The Need to Reduce Carbon Emissions

Reduce Carbon EmissionsThe need to reduce energy consumption and carbon emissions is now well recognised – for sound business reasons as much as concern for the environment. What is at issue is how an organisation can start that journey, where they will find the fastest gains, where they will win the biggest rewards, and how an overall strategy can be developed.

So far, many organisations have concentrated on the efficiency of their data centres, where savings of up to a third in power consumption have been common. With their ventilation, cooling, and lighting systems, these are often the largest single element of electrical use in an organisation’s ICT estate – but this study reveals that it is the distributed IT environment which, taken together, often consumes more electricity and produces more emissions.

Research suggests that the combined energy consumption of desktop computers, laptops, printers, LANs, copiers, and other office equipment may represent between 45% and 92% of the total consumption of the total IT estate.

Can you afford to ignore the potential savings in such a crucial area? Measuring, monitoring, and ultimately reducing the energy consumption of these diverse end-user devices and the various items of IT equipment found outside the data centre has to be an important part of any overall energy-reduction strategy.

Questions for consideration include: How does the choice of IT architecture affect the total energy consumed? What are the impacts of alternative software architectures? How does user behaviour affect the equation? Are the design and construction of application systems likely to have a significant effect on their energy efficiency?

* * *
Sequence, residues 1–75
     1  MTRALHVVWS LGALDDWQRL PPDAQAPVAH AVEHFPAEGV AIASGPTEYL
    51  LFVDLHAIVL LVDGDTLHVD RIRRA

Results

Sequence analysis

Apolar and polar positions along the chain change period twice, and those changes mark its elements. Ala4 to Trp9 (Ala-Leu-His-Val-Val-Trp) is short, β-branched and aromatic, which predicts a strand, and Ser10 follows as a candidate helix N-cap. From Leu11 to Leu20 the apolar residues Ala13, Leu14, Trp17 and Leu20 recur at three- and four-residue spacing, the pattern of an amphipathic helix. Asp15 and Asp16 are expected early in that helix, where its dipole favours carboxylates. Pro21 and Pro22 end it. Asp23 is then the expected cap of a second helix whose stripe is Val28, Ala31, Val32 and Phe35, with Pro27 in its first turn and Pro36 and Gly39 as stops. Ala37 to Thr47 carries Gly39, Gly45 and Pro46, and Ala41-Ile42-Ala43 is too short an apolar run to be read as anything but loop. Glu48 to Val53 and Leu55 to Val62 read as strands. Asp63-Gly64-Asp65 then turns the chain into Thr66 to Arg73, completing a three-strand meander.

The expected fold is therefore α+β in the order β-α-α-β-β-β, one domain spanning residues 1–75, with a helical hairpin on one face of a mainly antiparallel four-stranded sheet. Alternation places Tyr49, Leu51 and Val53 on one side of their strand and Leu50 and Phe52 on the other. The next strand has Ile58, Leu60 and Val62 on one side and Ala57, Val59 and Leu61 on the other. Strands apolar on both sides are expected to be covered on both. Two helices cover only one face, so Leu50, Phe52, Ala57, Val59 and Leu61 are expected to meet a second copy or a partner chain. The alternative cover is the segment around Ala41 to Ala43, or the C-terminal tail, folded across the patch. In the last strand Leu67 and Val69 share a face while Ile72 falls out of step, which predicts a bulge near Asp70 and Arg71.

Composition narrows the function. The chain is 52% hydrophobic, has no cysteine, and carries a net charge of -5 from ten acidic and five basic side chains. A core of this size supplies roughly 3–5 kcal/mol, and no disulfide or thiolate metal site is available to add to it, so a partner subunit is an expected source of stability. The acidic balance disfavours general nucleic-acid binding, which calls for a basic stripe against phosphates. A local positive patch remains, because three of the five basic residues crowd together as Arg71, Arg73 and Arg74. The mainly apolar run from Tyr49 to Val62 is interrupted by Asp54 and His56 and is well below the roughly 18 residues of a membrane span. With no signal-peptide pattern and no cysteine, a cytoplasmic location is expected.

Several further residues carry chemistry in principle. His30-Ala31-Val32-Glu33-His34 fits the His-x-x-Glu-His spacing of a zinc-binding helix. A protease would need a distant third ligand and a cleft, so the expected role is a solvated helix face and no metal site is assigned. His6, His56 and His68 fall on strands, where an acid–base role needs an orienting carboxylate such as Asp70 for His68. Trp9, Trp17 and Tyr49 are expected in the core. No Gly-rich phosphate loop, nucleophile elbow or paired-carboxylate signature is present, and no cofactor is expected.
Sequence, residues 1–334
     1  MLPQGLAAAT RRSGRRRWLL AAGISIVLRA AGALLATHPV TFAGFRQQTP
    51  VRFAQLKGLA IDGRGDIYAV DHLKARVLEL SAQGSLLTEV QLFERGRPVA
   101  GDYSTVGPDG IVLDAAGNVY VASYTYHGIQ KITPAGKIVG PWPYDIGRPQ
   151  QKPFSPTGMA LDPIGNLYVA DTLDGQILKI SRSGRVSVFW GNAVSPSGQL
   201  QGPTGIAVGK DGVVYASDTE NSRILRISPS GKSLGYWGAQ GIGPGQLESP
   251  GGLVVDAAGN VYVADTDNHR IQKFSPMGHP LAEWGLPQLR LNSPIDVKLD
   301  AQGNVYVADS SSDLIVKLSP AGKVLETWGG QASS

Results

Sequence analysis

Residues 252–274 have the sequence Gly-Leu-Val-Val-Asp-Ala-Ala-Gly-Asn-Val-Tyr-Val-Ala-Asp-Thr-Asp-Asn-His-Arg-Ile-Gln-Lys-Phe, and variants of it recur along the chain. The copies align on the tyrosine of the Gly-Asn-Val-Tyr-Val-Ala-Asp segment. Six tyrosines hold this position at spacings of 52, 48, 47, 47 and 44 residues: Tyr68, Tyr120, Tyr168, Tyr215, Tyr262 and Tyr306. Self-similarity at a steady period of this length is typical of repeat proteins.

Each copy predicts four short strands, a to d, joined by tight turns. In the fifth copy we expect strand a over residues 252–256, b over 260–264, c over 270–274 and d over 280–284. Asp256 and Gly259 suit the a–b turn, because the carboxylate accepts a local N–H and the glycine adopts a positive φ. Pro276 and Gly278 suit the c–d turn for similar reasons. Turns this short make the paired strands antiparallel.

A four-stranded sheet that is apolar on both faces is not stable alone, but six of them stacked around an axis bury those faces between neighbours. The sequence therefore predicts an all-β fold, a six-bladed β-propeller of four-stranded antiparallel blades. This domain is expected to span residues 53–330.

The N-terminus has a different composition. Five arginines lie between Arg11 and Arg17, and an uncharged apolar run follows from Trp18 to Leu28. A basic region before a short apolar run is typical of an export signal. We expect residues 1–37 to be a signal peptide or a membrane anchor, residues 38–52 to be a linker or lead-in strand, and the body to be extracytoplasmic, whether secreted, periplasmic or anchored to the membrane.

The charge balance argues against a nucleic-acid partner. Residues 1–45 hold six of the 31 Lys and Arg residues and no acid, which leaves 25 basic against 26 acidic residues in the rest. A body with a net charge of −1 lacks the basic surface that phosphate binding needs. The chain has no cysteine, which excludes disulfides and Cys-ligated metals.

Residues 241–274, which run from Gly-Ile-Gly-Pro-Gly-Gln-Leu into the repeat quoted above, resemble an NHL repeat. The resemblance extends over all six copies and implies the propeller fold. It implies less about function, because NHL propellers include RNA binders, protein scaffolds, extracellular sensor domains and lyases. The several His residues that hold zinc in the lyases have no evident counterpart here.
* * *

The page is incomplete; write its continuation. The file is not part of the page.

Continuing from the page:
And once systems are in place, what can be done to improve their energy performance?

Part of the solution, part of the problem ...
Across the world, business is recognising information technology as the key to energy savings – a recent analysis by McKinsey suggested that by 2020, IT could be helping to eliminate 7.8 metric gigatons of greenhouse gas emissions each year. That is equivalent to around 15% of today’s global emissions.

But there is another side to the equation.
It is generally agreed that in developed economies, the power consumed by information and communications technologies is responsible for the creation of around 2% of emissions – and research carried out in the UK suggests that actual carbon emissions of the entire Information Systems estate could be more than twice that.  And the significance of IT-related emissions is much bigger than even that figure suggests: recent work with public and private sector service organisations suggests that for some organisations in an office environment, where information technology plays a major role, more than half of the energy consumed could be going on Information Systems equipment.

So IT and computer systems are not only part of the solution – they are part of the problem as well. But one of the key messages of the Energy Efficiency Study is that it may sometimes be necessary to achieve overall savings by actually increasing the carbon footprint of the ICT estate. Organisations can use their ICT systems to drive down carbon emissions across the enterprise.